The Link takes streaming music and makes it sound better. Just wirelessly connect it to an Echo device and plug it into a set of nice speakers. It’s the missing link. The Link bridges the gap between streaming music and a nice audio system. Instead of settling for the analog connection of an Dot, the Echo Link serves audio over a digital connection and it makes just enough of a difference to justify the $200 price. I plugged the Eco Link into the audio system in my office and was pleased with the results. This is the Echo device I’ve been waiting for. In my case the Echo Link took Spotfiy’s 320 kbps stream and opened it up. The Link creates a wider soundstage and makes the music a bit more full and expansive. The bass hits a touch harder and the highs now have a new-found crispness. Lyrics are clearer and easier to pick apart. The differences are subtle. Everything is just slightly improved over the sound quailty found when using an Echo Dot’s 3.5mm output. Don’t have a set of nice speakers? That’s okay, also just released the Echo Link Amp, which features a built-in amplifier capable of powering a set of small speakers (read the review here). Here’s the thing: I’m surprised is making the Echo Link. The device caters to what must be a small demographic of Echo owners looking to improve the quality of Pandora or when using an audio system. And yet, without support for local or streaming high resolution audio, it’s not good enough for audiophiles. This is for wannabe audiophiles. Hey, that’s me. Review There are Echo’s scattered throughout my house. The devices provide a fantastic way to access music and NPR. The tiny Echo Link is perfect for the system in my office where I have a pair of Definitive Technology bookshelf speakers powered by an Onkyo receiver and amp. I have a turntable and SACD player connected to the receiver but those are a hassle when I’m at my desk. The majority of the time I listen to through the Amazon Echo Input. I added the Onkyo amplifier to the system last year and it made a huge difference to the quality. The music suddenly had more power. The two-channel amp pushes harder than the receiver, and resulted in audio that was more expansive and clear. And at any volume, too. I didn’t know what I was missing. That’s the trick with audio. Most of the time the audio sounds great until it suddenly sounds better. The Echo Link provided me with the same feeling of discovery. To be clear the $200 Echo Link does not provide a night and day difference in my audio quality. It’s a slight upgrade over the audio outputted by a $20 Echo Input — and don’t forget, an Echo device (like the $20 Echo Input) is required to make the Echo Link work. The Echo Link provides the extra juice lacking from the Echo Input or Dot. Those less expensive options output audio to an audio system, but only through an analog connection. The Echo Link offers a digital connection through Toslink or Digital Coax. It has analog outputs that’s powered by a DAC with a superior dynamic range and total harmonic distortion found in the Input or Dot. It’s an easy way to improve the quality of music from streaming services. The Echo Link, and Echo Link Amp, also feature a headphone amp. It’s an interesting detail. With this jack, someone could have the Echo Link on their desk and use it to power a set of headphones without any loss of quality. I set up a simple A/B test to spot the differences between a Link and a Dot. First, I connected the Echo Link with a Toslink connection to my receiver and an Echo Input. I also connected an Echo Dot through its 3.5mm analog connection to the receiver. I created a group in the Alexa app of the devices. This allowed each of the devices to play the same source simultaneously. Then, as needed, I was able to switch between the Dot and Link with just a touch of a button, providing an easy and quick way to test the differences. I’ll leave it up to you to justify the cost. To me, as someone who has invested money into a quality audio system, the extra cost of the Echo Link is worth it. But to others an Echo Dot could be enough. It’s important to note that the Echo Link works a bit differently than other Echo devices connected to an audio system. When, say, a Dot is connected to an audio system, the internal speakers are turned off and all of the audio is sent to the system. The Echo Link doesn’t have to override the companion Echo. When an Echo Link is connected to an Echo device, the Echo still responds through its internal speakers; only music is sent to the Echo Link. For example, when the Echo is asked about the weather, the forecast is played back through the speakers in the Echo and not the audio system connected to the Echo Link. In most cases this allows the owner to turn off the high-power speakers and still have access to voice commands on the Echo. The Echo Link takes streaming music and instantly improves the quality. In my case the improvements were slight but noticeable. It works with all the streaming services supported by Echo devices, but it’s important to note it does not work with Tidal’s high-res Master Audio tracks. The best the Echo Link can do is 320 kbps from or Tidal. This is a limiting factor and it’s not surprising. If the Echo Link supported Tidal’s Master Tracks, I would likely sign up for that service, and that is not in the best interest of Amazon which hopes I sign up for Amazon Music Unlimited. I spoke to Amazon about the Echo Link’s lack of support for Tidal Master Tracks and they indicated they’re interested in hearing how customers will use the device before committing to adding support. The Link is interesting. doesn’t have anything similar in its Google Home Line. The Sonos Amp is similar, but with a built-in amplifier, it’s a closer competitor to the Echo Link Amp. Several high-end audio companies sell components that can stream audio over digital connections yet none are as easy to use or as inexpensive as the Echo Link. The Echo Link is the easiest way to improve the sound of streaming music services.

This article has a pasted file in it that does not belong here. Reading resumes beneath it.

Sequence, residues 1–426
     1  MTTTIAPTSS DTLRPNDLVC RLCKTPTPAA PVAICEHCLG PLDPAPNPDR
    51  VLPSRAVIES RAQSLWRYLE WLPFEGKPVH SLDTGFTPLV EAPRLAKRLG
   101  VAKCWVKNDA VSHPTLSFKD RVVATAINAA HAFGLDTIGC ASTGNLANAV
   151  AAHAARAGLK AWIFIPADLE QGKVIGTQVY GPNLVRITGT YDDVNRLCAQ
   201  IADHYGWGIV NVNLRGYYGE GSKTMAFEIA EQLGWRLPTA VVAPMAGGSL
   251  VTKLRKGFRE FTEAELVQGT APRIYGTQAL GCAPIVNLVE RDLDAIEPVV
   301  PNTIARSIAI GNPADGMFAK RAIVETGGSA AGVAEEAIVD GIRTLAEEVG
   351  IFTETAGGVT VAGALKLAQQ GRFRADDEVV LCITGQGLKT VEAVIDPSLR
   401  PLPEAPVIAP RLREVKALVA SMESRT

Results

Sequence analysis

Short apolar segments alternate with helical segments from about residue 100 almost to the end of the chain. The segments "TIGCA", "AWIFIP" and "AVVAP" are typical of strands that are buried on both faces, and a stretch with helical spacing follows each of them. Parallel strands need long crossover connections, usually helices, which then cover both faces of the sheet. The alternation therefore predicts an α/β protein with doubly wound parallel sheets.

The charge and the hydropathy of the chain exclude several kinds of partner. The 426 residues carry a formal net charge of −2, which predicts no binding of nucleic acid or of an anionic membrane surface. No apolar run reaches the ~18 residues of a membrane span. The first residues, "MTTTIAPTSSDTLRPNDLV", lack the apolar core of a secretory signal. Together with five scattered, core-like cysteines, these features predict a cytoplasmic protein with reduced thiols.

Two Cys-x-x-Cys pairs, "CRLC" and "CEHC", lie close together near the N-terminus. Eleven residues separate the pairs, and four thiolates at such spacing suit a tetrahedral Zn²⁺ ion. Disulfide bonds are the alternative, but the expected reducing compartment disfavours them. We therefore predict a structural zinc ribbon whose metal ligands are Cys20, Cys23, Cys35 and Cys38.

U.S. smart speaker owners grew 40 percent over 2018 to now reach 66.4 million — or 26.2 percent of the U.S. adult population — according to released this week, which detailed adoption patterns and device market share. The report also reconfirmed Amazon Echo’s lead, noting the Alexa-powered smart speaker grew to a 61 percent market share by the end of last year — well above Google Home’s 24 percent share. These findings fall roughly in line with other analysts’ reports on smart speaker market share in the U.S. However, because of varying methodology, they don’t all come back with the exact same numbers. For example, in December 2018, the Echo had accounted for nearly 67 percent of all U.S. smart speaker sales in 2018. Meanwhile, , with a 70 percent share of the installed base in the U.S. Though the percentages differ, the overall trend is that Amazon Echo remains the smart speaker to beat. While on the face of things this appears to be great news for Amazon, did note that Google Home has been closing the gap with Echo in recent months. Amazon Echo’s share dropped nearly 11 percent over 2018, while Google Home made up for just over half that decline with a 5.5 percent gain, and “other” devices making up the rest. This latter category, which includes devices like Apple’s HomePod and Sonos One, grew last year to now account for 15 percent of the market. That said, the has Alexa built-in, so it may not be as bad for Amazon as the numbers alone seem to indicate. After all, Amazon is selling its Echo devices at cost or even a loss to snag more market share. The real value over time will be in controlling the ecosystem. The growth in smart speakers is part of a larger trend toward voice computing and smart voice assistants — like Siri, Bixby and Google Assistant — which are often accessed on smartphones. A related report from Juniper Research last month estimated there will be , up from the 2.5 billion in use at the end of 2018. This is due to the increased use of smartphone assistants as well as the smart speaker trend, the firm said. Voicebot’s report also saw how being able to access voice assistance on multiple platforms was helping to boost usage numbers. It found that smart speaker owners used their smartphone’s voice assistant more than those who didn’t have a smart speaker in their home. It seems consumers get used to being able to access their voice assistants across platforms — now that Siri has made the jump to speakers and Alexa to phones, for instance. The full report is available on Voicebot.ai’s website .